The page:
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Training at Primate Forest
Here at Primate Forest (like the rest of the zoo), we use positive reinforcement training when working with the gibbons, lemurs, and monkeys. Positive reinforcement training involves rewarding an animal after it displays a desired behavior. The purpose of this training is so that we can better take care of the animals. We have trained most of the animals in Primate Forest to present basic body parts, such as hand, foot, and open their mouths. Some of them are also ultrasound trained so we can monitor pregnancies and possible heart conditions. Everyone is trained to voluntarily go into a small enclosure (for injections), and to sit on the scale for weights.
With a smaller primate, such as these, we use very small rewards. For example, when training with polar bears, the keeper might offer an entire fish. However, we cut our treats up very small so that the animals don’t fill up quickly and will still want to train. We will cut up a grape into 8 pieces or a shelled peanut into quarters.
When training with monkeys and apes, the keepers are on the other side of the mesh (caging) from the animal. We never put our fingers or hands inside the mesh with the animal. Training a new behavior with an animal can take 5 minutes or 5 years. It all depends on the animal. Sometimes the light bulb just goes off in the animal’s head when he/she understands what the trainer is asking. The trainer always needs to be prepared for the next step.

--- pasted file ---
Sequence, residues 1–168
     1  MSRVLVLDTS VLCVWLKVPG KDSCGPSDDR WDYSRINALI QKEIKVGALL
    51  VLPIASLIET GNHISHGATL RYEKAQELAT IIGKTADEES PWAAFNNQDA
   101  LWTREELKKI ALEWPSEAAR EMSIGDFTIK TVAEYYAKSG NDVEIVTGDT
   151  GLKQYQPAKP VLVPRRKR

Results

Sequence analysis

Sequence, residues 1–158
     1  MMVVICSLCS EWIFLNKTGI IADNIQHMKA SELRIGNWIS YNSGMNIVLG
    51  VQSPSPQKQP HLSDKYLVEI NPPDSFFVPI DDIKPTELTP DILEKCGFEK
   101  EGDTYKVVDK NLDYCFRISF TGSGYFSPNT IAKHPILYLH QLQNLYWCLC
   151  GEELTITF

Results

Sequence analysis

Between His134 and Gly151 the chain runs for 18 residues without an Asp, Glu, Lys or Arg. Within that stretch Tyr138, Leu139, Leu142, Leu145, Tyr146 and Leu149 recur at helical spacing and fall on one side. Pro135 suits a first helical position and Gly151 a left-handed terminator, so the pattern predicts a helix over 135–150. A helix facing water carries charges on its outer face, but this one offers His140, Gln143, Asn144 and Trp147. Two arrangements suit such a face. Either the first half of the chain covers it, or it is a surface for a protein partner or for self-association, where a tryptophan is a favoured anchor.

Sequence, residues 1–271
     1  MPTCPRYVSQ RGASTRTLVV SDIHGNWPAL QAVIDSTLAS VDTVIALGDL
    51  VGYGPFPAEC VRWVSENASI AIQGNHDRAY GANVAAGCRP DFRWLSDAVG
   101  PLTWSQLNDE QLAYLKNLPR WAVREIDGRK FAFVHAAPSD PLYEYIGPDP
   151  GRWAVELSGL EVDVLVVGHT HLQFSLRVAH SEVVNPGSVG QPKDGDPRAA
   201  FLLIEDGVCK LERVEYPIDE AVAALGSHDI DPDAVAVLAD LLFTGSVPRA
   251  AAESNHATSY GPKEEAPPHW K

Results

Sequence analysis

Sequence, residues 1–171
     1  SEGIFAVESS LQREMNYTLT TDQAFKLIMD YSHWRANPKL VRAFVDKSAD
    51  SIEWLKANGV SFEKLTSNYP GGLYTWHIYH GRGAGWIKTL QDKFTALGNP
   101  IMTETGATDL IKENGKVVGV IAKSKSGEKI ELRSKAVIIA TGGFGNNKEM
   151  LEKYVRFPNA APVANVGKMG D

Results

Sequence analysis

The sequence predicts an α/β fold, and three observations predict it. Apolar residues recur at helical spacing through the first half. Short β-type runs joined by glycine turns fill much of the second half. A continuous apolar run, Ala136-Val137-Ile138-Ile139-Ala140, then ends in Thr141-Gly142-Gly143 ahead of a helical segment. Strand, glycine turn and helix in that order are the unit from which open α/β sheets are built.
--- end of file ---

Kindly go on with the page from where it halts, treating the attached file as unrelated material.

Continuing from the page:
Below are some photos of different behaviors that we train.
Ashes, our female langur, having an ultrasound performed during pregnancy.
Batu, our male gibbon, presenting hand.
Cagn, a male swamp monkey, showing mouth.
Sefu, our male Colobus monkey, being closed into the squeeze cage.
Hue, our female gibbon, presenting foot.
Hue, our female gibbon, presenting hand.
Fanta, a female lemur, having an ultrasound performed during pregnancy. The female lemurs are the only primates that Zoo staff come into the enclosure with and only for ultrasound training.
Tilly, our female swamp monkey, being ultrasound trained.
Photos by Beth Posta